We are very pleased to bring you Volume 45 of The Australian Journal of Indigenous Education. At this moment in time, we feel that the work of AJIE has perhaps never been more important, particularly as it relates to engaging Aboriginal and Torres Strait Islander children and communities in systems of schooling. In May this year we witnessed the evacuation of school teachers from the remote community of Aurukun, Queensland in fear of violence. A group of 15 disengaged young people had threatened the School Principal and as a consequence of the evacuation, 300 engaged children were subsequently disengaged from School for the remaining five weeks of term following the closure. There is no doubt that teacher safety is paramount, similarly, there should be no doubt that community consultation and engagement in a move like this one equally so. The questions which hang in the air relate to why such levels of disengagement exist. Why are Aboriginal and Torres Strait Islander young people disengaged from schooling in Aurukun? What makes it okay that a large number of engaged Indigenous children were forcibly made to disengage from school? Why is there such disengagement from government in engaging local people in the ways in which education business is carried out with and for Aboriginal and Torres Strait Islander children and communities? The papers in this volume of AJIE then, all speak strongly to issues of engagement – the kinds of pedagogy and curriculum that can and should be in place, the kinds of relationships that can and should be in place, and the kinds of outcomes made possible when such educational moves are made. A resounding message from all of the articles in this volume is that the on-going engagement of Aboriginal and Torres Strait Islander students, parents, and communities is key to defining and achieving what educational success might mean for each individual child, context and classroom. This is by no means a new message, but the recent events in Aurukun remind us that it is one we must keep returning to – the stakes for complacency and forgetting are too high.
This special issue of The Australian Journal of Indigenous Education presents a second volume of papers which specifically address the issue of remote education for Indigenous Australians. ‘Red Dirt Revisited’, edited by John Guenther, presents findings from his team working on the Remote Education Systems (RES) project within the Cooperative Research Centre for Remote Economic Participation (CRC-REP). Focusing on a number of remote Aboriginal and Torres Strait Islander educational sites in the Northern Territory, Western Australia and South Australia, the RES project is now in its final stages and the main intention behind this special issue is to share significant findings from this important research. Much of the work presented here is by postgraduate students and AJIE is very pleased to be able to provide a voice and forum to support and ‘grow’ early career researchers in our field.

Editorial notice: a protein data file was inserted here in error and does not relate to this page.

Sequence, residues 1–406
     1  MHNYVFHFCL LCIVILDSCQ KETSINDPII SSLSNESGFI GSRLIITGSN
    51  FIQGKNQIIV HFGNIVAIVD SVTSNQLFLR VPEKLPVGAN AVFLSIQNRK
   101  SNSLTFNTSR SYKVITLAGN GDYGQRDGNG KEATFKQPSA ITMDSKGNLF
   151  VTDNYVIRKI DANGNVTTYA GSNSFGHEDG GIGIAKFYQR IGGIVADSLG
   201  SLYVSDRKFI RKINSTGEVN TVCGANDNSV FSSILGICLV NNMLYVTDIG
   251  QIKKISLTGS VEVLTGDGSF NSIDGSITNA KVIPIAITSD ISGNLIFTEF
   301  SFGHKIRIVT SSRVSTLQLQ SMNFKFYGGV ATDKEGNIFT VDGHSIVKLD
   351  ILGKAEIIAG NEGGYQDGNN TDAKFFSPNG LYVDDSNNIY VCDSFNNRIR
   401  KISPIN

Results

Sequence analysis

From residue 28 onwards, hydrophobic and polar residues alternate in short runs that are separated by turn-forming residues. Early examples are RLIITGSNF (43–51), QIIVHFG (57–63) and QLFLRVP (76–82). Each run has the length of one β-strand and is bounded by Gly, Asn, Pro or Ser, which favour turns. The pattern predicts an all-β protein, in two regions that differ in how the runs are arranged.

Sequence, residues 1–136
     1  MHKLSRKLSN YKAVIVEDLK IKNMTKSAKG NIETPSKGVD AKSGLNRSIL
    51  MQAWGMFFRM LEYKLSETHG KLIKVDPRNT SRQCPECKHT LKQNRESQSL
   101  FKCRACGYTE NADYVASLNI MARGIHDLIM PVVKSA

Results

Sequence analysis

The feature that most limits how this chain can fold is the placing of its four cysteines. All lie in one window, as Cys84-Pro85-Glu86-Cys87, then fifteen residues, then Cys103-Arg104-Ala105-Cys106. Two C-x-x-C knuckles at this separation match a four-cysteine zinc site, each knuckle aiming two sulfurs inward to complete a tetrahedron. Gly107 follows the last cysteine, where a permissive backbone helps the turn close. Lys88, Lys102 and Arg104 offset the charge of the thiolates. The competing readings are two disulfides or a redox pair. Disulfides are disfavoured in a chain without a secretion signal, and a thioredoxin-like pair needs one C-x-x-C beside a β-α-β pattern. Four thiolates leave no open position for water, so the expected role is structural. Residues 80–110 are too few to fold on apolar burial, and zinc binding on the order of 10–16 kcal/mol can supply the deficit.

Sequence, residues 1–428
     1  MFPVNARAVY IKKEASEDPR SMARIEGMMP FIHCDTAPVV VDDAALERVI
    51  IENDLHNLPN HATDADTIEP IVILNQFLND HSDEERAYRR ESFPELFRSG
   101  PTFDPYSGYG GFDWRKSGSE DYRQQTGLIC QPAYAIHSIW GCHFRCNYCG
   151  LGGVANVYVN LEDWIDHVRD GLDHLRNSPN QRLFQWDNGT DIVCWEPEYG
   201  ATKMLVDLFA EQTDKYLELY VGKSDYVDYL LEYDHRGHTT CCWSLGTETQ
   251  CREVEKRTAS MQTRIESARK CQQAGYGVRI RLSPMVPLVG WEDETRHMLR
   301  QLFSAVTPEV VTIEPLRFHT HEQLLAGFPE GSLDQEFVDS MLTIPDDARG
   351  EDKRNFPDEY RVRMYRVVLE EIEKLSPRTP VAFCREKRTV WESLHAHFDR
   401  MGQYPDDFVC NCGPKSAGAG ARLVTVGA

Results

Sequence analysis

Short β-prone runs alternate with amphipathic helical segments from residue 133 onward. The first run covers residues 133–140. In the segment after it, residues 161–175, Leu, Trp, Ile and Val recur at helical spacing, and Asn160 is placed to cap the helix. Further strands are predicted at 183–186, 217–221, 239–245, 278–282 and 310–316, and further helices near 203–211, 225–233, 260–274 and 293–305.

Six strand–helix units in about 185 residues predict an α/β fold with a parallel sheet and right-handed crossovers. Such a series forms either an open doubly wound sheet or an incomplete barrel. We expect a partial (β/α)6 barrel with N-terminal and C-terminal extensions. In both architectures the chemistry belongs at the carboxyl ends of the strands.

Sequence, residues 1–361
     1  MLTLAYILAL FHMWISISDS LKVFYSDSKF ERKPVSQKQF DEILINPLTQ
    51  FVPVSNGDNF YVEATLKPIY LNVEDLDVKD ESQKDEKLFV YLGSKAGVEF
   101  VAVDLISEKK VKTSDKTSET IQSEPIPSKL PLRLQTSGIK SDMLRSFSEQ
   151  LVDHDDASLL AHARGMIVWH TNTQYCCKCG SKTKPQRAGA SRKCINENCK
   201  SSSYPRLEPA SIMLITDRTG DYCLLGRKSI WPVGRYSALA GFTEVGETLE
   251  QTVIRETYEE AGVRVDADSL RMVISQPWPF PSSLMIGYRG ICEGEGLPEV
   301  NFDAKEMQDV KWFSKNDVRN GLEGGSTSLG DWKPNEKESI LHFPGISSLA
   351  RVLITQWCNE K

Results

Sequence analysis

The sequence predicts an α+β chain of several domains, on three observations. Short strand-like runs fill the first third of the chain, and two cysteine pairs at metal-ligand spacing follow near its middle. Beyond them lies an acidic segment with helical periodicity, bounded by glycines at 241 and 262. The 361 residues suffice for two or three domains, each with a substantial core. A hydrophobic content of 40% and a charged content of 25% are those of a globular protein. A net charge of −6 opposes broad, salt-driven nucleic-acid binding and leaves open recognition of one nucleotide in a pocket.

So what is known in the scholarship of religion and spirituality at this point of the 21st century? Definitions of spirituality show a growing understanding of the breadth and content of spirituality, and yet, there remains no firm definition. In one sense, it might be good that spirituality has not been tightly defined. Swinton and Pattison (2010, p231) note, “multiple definitions may be indicative of the necessity and the flexibility of the term to meet particular needs that would otherwise go unmet.” The publication of the paper written by Agli et al. in this edition of the journal, is timely and provides an excellent systematic review of the recent literature.
The quest to improve Indigenous people's access, participation and outcomes in education wherever we live in the world involves a concerted effort from all, and across all levels of education from the pre-school to the postgraduate sector. Improvements in these areas, as we have seen in past issues of The Australian Journal of Indigenous Education, are closely tied to improving other social and economic indicators in Indigenous lives, such as health, employment, governance and housing. The importance of research in the field of Indigenous education is a fundamental part of understanding the complexity of the issues, the level of constraints, as well as the many possibilities as we move forward in time. And, as practitioners of Indigenous education continue to keep looking for new ideas or examples of teaching and learning practice, AJIE continues to invite descriptions of educational practice and articulations of Indigenous experience from our readership. As educational research and practice have progressively become global, we have sought experiences beyond our Aeotorea/New Zealand and North American colleagues to countries and contexts that are less familiar to us. We are pleased to report that for our efforts in this regard, AJIE is now listed with SCOPUS, the largest abstract and citation database of peer-reviewed literature.